There are some poets whose works only seem to come alive when seen in the light of their other poems. Andrew Sant may well be one of these. A Sant poem, read on its own, can often seem thoughtful but rather lightweight; embedded in one of his books, given a context by the surrounding poems, it becomes animated by a set of consistent themes and obsessions.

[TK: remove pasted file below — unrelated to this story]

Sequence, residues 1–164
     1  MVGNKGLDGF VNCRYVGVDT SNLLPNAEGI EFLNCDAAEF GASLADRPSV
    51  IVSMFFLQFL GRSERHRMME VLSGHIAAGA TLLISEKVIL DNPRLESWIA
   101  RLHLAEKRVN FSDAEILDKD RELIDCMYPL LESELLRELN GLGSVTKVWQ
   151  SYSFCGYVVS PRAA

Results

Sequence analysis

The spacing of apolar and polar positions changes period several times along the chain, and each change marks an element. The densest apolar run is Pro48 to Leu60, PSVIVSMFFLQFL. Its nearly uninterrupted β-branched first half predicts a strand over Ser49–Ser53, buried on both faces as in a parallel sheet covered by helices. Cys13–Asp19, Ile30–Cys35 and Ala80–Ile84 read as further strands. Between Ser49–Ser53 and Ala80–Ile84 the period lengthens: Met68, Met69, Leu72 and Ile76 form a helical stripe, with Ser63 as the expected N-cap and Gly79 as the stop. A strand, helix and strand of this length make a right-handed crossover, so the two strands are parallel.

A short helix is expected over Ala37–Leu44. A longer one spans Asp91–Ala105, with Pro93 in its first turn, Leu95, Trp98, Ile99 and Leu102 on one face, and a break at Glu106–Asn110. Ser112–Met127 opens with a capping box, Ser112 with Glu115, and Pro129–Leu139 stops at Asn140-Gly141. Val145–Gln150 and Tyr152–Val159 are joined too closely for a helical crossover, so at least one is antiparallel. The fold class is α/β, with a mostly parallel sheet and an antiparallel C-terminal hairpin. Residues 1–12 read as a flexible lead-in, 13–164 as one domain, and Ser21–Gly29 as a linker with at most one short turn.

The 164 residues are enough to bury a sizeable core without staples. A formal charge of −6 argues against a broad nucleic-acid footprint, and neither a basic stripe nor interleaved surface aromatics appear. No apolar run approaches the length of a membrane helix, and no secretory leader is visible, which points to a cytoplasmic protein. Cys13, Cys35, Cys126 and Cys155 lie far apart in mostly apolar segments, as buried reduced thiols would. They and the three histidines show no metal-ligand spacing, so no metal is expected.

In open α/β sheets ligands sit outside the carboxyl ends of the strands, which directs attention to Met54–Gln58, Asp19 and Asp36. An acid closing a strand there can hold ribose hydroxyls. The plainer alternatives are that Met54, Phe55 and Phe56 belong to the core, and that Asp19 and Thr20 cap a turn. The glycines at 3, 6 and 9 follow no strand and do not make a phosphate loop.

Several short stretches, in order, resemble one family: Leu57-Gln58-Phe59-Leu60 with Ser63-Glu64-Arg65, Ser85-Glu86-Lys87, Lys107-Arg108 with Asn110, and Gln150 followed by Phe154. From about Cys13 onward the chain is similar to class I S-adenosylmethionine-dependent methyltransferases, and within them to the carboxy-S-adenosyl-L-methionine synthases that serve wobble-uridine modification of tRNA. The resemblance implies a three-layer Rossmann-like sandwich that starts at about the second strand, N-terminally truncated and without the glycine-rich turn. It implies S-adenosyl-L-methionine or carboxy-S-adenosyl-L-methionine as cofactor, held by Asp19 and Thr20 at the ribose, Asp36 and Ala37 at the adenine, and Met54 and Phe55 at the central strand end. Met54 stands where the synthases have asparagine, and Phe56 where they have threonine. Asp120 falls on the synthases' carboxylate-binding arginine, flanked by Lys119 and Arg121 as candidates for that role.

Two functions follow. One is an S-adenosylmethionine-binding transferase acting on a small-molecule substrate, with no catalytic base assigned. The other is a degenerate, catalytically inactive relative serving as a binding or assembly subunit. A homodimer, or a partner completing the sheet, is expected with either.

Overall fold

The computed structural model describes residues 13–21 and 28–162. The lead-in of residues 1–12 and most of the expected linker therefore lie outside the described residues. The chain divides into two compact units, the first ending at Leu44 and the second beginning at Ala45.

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Martin Duwell was born in England in 1948. He taught for thirty-five years in the School of English, Media Studies and Art History at the University of Queensland, where he received his doctorate in 1988. He is the author of A Possible Contemporary Poetry (1982) and an edition of the selected poems of John Blight. He was one of the editors of the Penguin New Literary History of Australia (1988) and has edited, with R.M.W. Dixon, two anthologies of Aboriginal Song Poetry. He has written extensively on postwar Australian poetry and publishes monthly reviews of new books of Australian poetry on his website.
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